witnessed an earthquake simulation in the Seismological Laboratory of Nevada.
Jason Bean & Sam Gross
The magnitude 3.6 earthquake occurred just after 8 pm, around Amherstburg, Canada.
A small earthquake shook windows and nerves Thursday night in the Metro Detroit.
The magnitude 3.6 quake struck at 20:01. and was centered near Amherstburg, Ontario, Canada, according to the United States Geological Survey. Amherstburg is about 20 miles from downtown Detroit.
"They come from time to time, just on that scale," in the region, said David Gurney, meteorologist for the National Weather Service at White Lake. "They are rare but not unknown."
No immediate damage was reported.
In Taylor, Jeff Ward, 58, was sitting on his couch watching TV as the floor began to tremble.
"It was kind of like a rumble," he said. "I live near I-94, so I thought it might be a truck at 94, but then it went on, and the house started shaking."
Ward said he first wondered if the shaking was caused by a meteor exploding across the sky in January.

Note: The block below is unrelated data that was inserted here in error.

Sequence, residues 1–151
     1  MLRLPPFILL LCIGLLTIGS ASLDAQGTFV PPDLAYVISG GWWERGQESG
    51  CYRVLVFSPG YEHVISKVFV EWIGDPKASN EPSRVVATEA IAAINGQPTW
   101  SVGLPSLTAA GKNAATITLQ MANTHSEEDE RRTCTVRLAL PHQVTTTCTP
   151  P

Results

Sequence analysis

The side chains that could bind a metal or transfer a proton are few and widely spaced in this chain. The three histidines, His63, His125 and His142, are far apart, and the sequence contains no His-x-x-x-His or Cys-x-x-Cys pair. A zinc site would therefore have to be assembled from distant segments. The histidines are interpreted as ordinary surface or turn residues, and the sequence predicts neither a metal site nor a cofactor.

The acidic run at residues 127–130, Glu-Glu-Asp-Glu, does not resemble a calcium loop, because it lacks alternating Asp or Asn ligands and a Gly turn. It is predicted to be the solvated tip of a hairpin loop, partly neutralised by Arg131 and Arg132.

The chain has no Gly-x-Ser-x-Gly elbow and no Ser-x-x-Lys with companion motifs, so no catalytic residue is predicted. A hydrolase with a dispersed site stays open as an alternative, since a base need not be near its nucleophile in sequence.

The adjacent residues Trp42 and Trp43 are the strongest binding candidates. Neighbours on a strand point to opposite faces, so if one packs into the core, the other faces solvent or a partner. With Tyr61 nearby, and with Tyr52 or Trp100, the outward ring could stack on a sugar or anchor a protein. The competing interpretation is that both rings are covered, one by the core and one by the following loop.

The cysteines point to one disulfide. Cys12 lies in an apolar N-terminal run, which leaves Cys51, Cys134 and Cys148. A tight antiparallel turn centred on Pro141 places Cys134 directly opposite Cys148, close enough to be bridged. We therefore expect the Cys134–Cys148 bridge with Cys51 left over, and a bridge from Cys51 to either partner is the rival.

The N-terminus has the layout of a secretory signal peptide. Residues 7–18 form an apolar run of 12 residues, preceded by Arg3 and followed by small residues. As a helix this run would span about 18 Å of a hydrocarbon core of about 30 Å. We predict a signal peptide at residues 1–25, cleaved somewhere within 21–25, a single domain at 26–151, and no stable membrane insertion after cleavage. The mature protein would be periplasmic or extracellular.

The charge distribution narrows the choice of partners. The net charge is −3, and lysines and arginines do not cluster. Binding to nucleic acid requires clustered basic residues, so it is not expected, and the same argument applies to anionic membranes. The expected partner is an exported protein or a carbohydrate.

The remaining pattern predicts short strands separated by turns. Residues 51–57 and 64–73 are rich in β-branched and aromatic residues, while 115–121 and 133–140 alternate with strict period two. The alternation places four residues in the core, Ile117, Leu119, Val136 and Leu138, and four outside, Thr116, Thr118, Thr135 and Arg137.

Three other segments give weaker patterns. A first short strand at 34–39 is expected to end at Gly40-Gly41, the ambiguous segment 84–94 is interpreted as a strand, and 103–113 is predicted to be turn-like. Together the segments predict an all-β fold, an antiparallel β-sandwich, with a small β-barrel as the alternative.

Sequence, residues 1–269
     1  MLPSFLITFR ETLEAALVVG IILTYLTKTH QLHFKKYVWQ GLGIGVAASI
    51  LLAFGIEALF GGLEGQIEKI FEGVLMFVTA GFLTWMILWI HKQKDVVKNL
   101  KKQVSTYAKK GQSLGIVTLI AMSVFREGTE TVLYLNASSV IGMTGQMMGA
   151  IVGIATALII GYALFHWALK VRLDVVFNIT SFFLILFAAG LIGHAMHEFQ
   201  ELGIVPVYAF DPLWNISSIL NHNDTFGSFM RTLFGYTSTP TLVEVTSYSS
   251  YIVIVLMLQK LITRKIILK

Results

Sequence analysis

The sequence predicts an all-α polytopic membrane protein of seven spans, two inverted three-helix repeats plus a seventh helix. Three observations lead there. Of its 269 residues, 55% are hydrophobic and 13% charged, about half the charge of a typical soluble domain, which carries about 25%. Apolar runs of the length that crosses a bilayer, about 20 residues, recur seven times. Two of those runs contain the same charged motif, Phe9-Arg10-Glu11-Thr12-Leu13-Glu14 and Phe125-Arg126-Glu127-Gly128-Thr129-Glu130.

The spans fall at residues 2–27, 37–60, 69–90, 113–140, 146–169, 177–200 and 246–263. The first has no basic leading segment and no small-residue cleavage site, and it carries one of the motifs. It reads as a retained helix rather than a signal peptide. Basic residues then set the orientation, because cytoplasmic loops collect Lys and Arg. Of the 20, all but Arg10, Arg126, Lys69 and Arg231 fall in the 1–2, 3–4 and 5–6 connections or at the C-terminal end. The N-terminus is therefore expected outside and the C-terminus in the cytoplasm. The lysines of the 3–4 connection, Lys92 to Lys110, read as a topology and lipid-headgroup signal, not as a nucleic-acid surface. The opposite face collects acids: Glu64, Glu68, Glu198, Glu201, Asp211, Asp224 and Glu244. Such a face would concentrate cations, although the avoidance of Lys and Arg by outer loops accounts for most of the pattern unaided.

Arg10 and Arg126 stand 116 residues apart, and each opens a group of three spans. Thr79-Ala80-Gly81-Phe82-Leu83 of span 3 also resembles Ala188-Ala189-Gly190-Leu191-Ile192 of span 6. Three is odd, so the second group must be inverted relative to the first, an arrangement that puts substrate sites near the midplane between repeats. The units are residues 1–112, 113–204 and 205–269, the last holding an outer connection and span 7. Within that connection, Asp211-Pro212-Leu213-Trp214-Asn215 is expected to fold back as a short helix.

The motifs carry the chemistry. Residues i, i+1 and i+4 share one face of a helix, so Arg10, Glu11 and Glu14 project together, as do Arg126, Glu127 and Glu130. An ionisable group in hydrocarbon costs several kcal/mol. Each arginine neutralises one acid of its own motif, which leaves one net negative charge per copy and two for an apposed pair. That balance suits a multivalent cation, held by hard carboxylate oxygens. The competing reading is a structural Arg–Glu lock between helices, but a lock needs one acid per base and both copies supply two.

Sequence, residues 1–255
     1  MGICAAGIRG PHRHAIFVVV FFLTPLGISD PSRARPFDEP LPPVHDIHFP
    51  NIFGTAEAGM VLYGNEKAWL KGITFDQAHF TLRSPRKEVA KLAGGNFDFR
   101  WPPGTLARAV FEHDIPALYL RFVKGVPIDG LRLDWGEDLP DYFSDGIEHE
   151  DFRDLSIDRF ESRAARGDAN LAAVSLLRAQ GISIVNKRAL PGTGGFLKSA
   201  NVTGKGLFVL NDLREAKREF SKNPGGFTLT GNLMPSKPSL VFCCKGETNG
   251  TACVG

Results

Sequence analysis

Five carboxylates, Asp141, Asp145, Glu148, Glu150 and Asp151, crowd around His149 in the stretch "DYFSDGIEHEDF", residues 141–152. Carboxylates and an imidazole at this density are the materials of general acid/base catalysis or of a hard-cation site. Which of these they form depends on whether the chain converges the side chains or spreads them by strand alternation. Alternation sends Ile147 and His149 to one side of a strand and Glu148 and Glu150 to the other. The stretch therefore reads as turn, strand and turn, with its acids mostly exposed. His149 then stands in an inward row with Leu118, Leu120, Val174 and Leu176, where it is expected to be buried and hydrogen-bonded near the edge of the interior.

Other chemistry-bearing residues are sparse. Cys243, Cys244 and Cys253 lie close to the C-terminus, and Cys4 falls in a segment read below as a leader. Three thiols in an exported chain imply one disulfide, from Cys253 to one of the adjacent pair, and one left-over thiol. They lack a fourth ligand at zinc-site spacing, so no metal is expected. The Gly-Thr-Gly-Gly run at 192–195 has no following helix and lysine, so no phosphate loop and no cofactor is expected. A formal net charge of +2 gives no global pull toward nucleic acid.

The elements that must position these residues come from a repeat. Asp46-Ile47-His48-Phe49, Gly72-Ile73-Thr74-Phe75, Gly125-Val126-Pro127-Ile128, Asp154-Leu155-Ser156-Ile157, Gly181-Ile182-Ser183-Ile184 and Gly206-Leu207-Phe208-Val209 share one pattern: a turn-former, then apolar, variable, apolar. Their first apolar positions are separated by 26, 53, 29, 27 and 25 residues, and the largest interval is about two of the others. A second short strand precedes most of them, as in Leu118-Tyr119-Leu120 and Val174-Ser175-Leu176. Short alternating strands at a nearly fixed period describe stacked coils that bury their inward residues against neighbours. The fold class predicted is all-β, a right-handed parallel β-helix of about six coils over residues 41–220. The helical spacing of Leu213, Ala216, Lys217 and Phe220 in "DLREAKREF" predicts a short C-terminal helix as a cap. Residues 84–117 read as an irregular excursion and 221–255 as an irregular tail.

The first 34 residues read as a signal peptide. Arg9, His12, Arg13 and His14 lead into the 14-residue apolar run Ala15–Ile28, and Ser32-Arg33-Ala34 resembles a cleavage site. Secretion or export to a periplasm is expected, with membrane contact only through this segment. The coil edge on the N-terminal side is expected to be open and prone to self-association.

Social media quickly broke out with comments on the earthquake.
"I never thought I would experience my first Michigan earthquake!" Twitter user @ Ashleyyymc1 wrote.
Another Twitter user, @cole_hinzmann, said, "Just when you thought the weather in Michigan could not get worse, boom, earthquake."
Ian Lee, meteorologist at the National Weather Service, said about an hour after the quake The agency had received no claims.
Thursday's quake was the last in a series of small shocks that hit the Mid-State in recent years.
On May 2, 2015, there was a magnitude 4.2 earthquake with an epicenter about 5 miles south of Galesburg or 9 miles southeast of Kalamazoo. It was widely perceived across lower Michigan, north Indiana, northwestern Ohio, even in Illinois, Wisconsin and Ontario.
It was registered as the strongest earthquake in Michigan in more than 67 years.
Just weeks later, on June 30, 2015, another quake – this one 3.3 magnitude – struck 13 miles southeast of Battle Creek.
In 2011, an epicenter earthquake in Virginia caused the upper floors of the Detroit Renaissance Center to rock.
Contact Ann Zaniewski: 313-222-6594 or firstname.lastname@example.org. Follow her on Twitter: @AnnZaniewski.
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